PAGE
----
Brexit has been a reality since January 1, 2021! After four years of discussions, disputes-reconciliations, dramas, various announcements, the parties finally came to an agreement “just in time” …
At the deal level, energy was arguably more of a priority for the UK than for the European Union (EU). Brussels has smartly managed to use it so that London remains (+/-) close to the EU energy policies … In short, Brussels allows the British to keep their access to the EU market, if London just as generously allows European fishermen to access its seas. If the UK restricts this maritime access in 2026, then Brussels could revise its cross-Channel ambitions on energy downwards. Future will tell…
More than four years after the British referendum, eleven months after the agreement to withdraw the United Kingdom from the EU and following lengthy and complex negotiations, this Brexit agreement devotes an entire chapter to energy, and several annexes and statements deal with energy and climate issues.
The 2015 Paris Agreement is a cornerstone of the future relationship between London and Brussels. The parties indicate their willingness to meet their climate commitments.
In general (energy and other subjects), the parties set up a “Partnership Council”, a structure co-piloted by London and Brussels, for the governance of the future relationship. This body deals with regulatory cooperation, dispute settlement (before arbitration) and may adjust certain points of the future relationship, propose additional agreements, etc.
It will oversee some twenty specialized committees, made up of European and British officials/experts. One will be devoted to energy, but others can indirectly also deal with energy issues, in terms of subsidies, public procurement, fair competition or sustainable development.
These committees will manage the relationship on a daily basis. Specific working groups may also be set up.
One of the important points of the “deal” aimed to ensure a free trade agreement without quotas, without customs duties, with extensive regulatory cooperation without future British (or European) standards being able to create a situation of unfair competition.
The deal addresses this problem in two ways.
First, sectoral cooperation such as energy is integrated into a framework agreement with trade relations. Then, London accepted fair competition measures, binding commitments so that its future standards could remain consistent with the EU standards.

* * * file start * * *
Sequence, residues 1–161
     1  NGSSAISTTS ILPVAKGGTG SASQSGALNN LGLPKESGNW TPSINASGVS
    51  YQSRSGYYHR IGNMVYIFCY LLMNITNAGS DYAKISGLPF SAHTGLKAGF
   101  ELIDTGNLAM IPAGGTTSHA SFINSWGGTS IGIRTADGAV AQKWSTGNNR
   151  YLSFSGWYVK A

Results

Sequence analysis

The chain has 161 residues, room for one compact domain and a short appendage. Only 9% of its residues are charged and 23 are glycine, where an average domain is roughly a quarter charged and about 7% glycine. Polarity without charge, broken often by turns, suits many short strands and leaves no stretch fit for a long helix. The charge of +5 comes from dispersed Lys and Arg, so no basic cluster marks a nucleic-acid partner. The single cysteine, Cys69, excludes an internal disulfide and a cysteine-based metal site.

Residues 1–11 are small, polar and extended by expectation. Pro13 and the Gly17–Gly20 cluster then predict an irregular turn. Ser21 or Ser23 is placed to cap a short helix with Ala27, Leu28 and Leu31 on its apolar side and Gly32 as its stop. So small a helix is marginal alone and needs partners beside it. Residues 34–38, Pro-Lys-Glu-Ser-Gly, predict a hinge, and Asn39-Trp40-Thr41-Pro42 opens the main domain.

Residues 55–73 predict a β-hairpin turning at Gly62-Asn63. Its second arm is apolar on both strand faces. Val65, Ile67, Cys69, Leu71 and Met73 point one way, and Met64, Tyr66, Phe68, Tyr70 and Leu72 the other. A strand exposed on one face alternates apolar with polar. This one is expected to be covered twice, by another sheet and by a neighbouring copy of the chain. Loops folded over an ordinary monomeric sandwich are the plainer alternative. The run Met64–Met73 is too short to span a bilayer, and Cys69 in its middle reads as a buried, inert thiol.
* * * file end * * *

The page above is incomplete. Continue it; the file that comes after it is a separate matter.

These commitments consist first of all of a non-regression clause, in which London undertakes not to level down its social, environmental and climatic standards enshrined in European law as of December 31, 2020. In addition, the United Kingdom (UK) maintains energy-climate objectives for 2030, accepts that its State aid policy or that its future financing of renewable energies remain in line with European standards.
It is observed that the electricity and gas infrastructures are not reduced, the principle of non-discriminatory access to infrastructures is guaranteed, unbundling grids/generation is applied in UK and EU, as is the cooperation between the British and European grid operators.
Public energy procurement will remain open to all operators on both sides of the Channel.
Cooperation between European and British regulators must, according to the agreement, focus on the electricity and gas markets, access to networks, security of electricity and gas supply, planning of infrastructure or the decarbonisation of gas.
This energy cooperation also mentions joint projects for offshore wind power, which will become an even more essential element of the future UK energy policy.
Cooperation on civil nuclear power is detailed in a specific document / agreement that allows the supply, transfer, and exchange of materials, technologies and equipment related to the atom.
The British will be involved in various European programs, such as the Euratom 2021-2025 research activities, the Iter project and the European research program Horizon Europe.
In conclusion and in practical terms: not much will change in the near future, but the legal profession will certainly be extremely busy as the Brexit agreement entails the negotiations of several new additional bilateral agreements and/or understandings…